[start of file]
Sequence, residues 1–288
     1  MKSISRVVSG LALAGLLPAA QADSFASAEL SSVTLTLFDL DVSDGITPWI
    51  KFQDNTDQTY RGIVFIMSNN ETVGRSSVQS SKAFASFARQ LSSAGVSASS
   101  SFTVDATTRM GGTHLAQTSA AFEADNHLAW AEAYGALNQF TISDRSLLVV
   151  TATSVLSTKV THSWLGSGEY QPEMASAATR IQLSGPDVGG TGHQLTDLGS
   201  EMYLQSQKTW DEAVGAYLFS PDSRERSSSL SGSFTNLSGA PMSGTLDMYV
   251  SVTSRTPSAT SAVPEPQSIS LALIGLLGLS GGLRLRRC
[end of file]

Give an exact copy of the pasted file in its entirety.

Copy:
Sequence, residues 1–288
     1  MKSISRVVSG LALAGLLPAA QADSFASAEL SSVTLTLFDL DVSDGITPWI
    51  KFQDNTDQTY RGIVFIMSNN ETVGRSSVQS SKAFASFARQ LSSAGVSASS
   101  SFTVDATTRM GGTHLAQTSA AFEADNHLAW AEAYGALNQF TISDRSLLVV
   151  TATSVLSTKV THSWLGSGEY QPEMASAATR IQLSGPDVGG TGHQLTDLGS
   201  EMYLQSQKTW DEAVGAYLFS PDSRERSSSL SGSFTNLSGA PMSGTLDMYV
   251  SVTSRTPSAT SAVPEPQSIS LALIGLLGLS GGLRLRRC